Satan War (1979)

Bartell LaRue was a character actor and voiceover artist — he’s the voice of the Guardian in “City on the Edge of Forever” on Star Trek — who somehow found the urge to write The Ark of Noah before further getting inspired to make a movie with the greatest title of all time.

Louise and Bill Foster buy a house and as if their life is an Italian movie, we only hear from them via voiceover. Things just smell bad from the first day they move in. Crosses turn upside down. Coffee overflows. Green slime ruins the kitchen. Crosses turn upside down. Louise is assaulted by an entity and Bill causally tells her that “If he tries it again, just tell that ghost that rape, sex, and molestation is my department!” Crosses turn upside down. A psychic tells them someone killed themselves in the house. A sheet is here and it has a knife! A newspaper burns up. And crosses…yeah. You get it.

At one point, a voiceover says, “The oldest war in the universe carries on towards its eternal conclusion.” Then we are destroyed by the soundtrack to this film, the drone, the endless drone, the bass that takes out the dialogue, the grainy low grade footage deteriorated by VHS play uploaded to the internet, generation upon generation of copy and paste.

Anton LaVey once wrote, “The word ‘occult’ simply means hidden or secret,” he says. “Go to the record store, to the corner where no one else is, where everything is dusty and nobody ever goes. Mussorgsky’s ‘Night on Bald Mountain’ is mystical music, dramatic, Gothic, satanically programmed music. But it’s not occult music. “Yes, We Have No Bananas” would be an occult tune.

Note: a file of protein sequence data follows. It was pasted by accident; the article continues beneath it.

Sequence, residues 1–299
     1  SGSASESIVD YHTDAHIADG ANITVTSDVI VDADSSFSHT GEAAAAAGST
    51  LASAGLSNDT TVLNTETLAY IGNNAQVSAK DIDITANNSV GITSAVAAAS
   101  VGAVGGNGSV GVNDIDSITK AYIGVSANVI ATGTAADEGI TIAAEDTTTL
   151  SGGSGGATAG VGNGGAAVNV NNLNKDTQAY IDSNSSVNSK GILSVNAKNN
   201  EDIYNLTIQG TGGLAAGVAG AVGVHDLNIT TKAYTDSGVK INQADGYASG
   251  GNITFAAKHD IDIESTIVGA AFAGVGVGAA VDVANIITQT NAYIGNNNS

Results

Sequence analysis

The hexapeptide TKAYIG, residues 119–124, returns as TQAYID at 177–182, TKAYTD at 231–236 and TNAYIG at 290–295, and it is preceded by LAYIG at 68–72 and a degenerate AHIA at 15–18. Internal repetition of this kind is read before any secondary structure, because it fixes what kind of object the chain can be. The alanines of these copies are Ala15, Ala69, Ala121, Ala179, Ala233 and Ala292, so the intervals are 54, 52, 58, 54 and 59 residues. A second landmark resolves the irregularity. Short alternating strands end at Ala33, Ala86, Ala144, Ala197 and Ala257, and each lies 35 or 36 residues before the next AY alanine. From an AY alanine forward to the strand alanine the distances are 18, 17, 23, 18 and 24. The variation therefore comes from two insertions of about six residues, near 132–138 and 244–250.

It’s occult because when you put that record on the turntable, it’s a lead-pipe cinch that there is not another person in the entire world who is listening to that record at that time. If there’s anything, any frequency, any power that exists anywhere in this cosmos, in this universe, you’re gonna stand out like a beacon! It truly makes you elite.”

If this is true, Satan War achieves the murderdrone goal of being akin to second wave black metal: concerned with menace and equally unconcerned with feeble things like audio quality. Much like the fuzzed out riffs and overloaded bass and broken drum sound of those records makes you lose touch with this world if you take away your concentration just long enough — stare into that void — the first hour of this movie is just an acid blotter of long abandoned video signal ready to signal your own journey beyond the wall of sleep.

After a gun and a cross chase out the demon, we’re treated to a non-connected voodoo ritual because I can only assume the running time some padding, as dancers dance to tribal drums and we just watch, wondering where it all went.

Watch this on YouTube please.

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